I have answers! What I suspected was right and the shop mechanic over the phone was defensive though said to bring the car in tomorrow. He said their job was just to press the bearing and that was it, even though it’s like 2mm off causing ABS to not work and the axle nut to not thread in by several more millimeters that it should.
By going through a specific series of steps with the ABS diagnostic connector under the steering wheel and two pins hidden in electrical tape, decoding flashes of the ABS light on the dash I obtained 3 ABS error codes. That was thanks to internet forums and photos within them. By searching online with one of the names of one of the codes in quotes I discovered an official looking “diagnostic chart”.
I already found out about testing the ABS sensor connector with a multi-meter which I did and found it to be at 0.99k Ohms which is within the range of “0.8 and 1.2kΩ” specified on the diagnostic chart. So the sensor appears to be fine. They’re also clearly durable and made to be exposed to the elements.
Another diagnostic test is the gap between the end of the ABS sensor and the face the the ABS tone ring. The diagnostic chart says it should be within “0.9 — 1.4 mm” apart.
After searching online at Walmart, Home Depot, Lowes (for current in-store availability) and in person at Lowes I could not find a feeler gauge which is used to measure small gaps.Eventually I looked on Autozones website and found a “mini” one for only $2.99. Now I see that it is more of if not an automotive specific tool.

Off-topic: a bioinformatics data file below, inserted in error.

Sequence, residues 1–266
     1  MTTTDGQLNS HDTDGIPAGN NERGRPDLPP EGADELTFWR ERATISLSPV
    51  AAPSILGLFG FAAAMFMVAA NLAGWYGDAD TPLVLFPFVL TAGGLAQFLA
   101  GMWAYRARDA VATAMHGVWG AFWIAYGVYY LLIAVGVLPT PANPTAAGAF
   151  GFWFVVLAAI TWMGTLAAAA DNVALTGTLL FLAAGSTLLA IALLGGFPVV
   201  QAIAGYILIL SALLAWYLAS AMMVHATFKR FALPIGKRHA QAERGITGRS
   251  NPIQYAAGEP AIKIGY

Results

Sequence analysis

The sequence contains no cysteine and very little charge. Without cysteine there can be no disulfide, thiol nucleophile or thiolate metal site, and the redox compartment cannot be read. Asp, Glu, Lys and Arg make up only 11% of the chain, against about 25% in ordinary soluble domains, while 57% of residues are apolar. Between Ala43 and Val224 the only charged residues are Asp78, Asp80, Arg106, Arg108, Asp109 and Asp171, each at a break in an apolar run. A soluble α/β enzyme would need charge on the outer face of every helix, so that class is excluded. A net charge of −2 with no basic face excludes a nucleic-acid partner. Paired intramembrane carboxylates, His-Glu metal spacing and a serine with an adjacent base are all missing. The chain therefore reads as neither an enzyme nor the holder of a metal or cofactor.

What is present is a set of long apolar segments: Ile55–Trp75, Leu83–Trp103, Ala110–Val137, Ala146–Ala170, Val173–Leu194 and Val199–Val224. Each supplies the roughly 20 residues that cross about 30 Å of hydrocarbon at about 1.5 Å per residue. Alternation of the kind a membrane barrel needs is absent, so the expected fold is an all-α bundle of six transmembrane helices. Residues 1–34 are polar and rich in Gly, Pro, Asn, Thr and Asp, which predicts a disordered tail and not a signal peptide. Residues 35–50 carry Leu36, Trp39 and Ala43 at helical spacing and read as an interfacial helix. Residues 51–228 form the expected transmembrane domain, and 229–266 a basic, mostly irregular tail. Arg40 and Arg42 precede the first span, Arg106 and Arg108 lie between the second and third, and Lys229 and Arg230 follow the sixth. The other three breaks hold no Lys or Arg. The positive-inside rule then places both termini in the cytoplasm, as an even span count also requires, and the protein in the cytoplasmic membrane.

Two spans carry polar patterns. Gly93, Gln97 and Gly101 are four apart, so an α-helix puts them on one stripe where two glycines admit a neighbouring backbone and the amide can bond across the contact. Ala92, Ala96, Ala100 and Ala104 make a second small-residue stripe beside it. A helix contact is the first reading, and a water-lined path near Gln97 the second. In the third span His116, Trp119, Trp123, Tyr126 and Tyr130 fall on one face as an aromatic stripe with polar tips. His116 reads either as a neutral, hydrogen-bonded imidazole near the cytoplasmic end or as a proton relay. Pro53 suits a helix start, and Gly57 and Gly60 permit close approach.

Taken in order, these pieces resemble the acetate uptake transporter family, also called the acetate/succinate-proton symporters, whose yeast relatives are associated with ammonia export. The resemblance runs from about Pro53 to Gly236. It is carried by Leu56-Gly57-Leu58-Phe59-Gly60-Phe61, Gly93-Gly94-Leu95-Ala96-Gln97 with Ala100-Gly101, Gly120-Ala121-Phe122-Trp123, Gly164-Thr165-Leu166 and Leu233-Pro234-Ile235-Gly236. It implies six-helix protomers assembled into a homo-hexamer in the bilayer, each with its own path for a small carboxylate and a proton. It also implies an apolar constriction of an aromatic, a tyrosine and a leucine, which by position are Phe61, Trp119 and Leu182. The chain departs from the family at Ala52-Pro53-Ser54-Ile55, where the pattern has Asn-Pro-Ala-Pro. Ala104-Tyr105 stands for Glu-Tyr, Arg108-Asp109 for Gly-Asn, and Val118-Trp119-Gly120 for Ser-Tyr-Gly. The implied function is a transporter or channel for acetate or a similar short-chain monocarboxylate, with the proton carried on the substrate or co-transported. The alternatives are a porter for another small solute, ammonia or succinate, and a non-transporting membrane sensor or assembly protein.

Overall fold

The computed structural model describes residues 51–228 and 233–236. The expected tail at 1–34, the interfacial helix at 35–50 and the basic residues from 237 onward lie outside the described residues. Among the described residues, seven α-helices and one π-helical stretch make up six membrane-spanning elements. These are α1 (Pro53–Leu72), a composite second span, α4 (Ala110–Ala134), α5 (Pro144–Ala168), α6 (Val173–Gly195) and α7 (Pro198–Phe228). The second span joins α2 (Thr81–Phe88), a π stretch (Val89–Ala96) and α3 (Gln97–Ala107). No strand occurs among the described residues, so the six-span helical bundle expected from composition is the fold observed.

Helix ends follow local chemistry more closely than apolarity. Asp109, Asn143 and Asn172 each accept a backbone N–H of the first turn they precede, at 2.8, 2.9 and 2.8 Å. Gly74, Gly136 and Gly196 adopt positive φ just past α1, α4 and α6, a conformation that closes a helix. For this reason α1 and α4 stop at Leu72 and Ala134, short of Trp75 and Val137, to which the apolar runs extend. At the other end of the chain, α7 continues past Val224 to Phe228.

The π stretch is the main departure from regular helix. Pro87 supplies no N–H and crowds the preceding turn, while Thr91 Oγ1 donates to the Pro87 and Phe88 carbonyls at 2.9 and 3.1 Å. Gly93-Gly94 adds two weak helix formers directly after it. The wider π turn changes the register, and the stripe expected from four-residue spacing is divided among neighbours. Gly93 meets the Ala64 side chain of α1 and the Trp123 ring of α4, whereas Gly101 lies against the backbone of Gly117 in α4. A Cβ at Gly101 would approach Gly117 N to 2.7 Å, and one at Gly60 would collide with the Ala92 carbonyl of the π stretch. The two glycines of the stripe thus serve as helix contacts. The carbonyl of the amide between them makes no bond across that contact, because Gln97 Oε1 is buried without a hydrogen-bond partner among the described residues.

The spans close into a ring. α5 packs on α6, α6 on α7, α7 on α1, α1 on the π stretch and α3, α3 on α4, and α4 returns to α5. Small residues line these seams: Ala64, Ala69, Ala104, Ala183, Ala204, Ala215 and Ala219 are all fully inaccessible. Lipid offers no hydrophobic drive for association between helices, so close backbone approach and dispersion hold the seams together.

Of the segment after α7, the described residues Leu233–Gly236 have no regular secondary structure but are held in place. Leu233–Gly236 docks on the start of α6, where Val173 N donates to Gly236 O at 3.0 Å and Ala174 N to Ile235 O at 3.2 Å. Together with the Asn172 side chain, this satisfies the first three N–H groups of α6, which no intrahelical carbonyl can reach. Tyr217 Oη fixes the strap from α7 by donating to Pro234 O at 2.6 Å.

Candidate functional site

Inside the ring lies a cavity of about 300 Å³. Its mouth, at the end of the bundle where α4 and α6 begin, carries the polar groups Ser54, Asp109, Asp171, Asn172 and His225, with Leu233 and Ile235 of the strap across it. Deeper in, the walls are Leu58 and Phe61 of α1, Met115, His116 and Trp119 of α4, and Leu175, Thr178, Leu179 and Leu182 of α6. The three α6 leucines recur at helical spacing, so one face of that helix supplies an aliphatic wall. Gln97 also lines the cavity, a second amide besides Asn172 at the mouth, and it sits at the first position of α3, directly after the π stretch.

After removing the wheel, the brake assembly and the rotor, I had access to the end of the ABS sensor and the tone ring. I put in two about 0.88mm feeler gauges and there was still more space. So that’s over 1.6mm apart which the specs. say there should be a maximum of 1.4 mm in space. This offset also explains why the axle nut sticks off the end of the shaft by about 2-3mm when torqued to 130 ft. lbs.
So it’s clear that the bearing/hub b press is off by several milimiters in one or more areas causing the ABS sensor gap to exceed specs. and the axle nut not being able to go on all the way.
Whether the auto shop will make the adjustment at no additional cost is to be seen. They do have the word “Honest” in auto shops name, which is a franchise.
Like I said the attitude of the mechanic guy on the phone was we did what we were supposed to do which was press a bearing and we have no more responsibility for anything. He even used an example of buying chicken from somewhere not liking the taste, which is ludicrous because it’s not about me not liking it it’s about functionality and being able to use it the way it should, which is with ABS and the axle nut going as far in as it should to indent it for safety.
If they do not want to do the adjustment to the steering knuckle assembly, I will find a place that will and may take the auto shop to small claims court to recover my costs.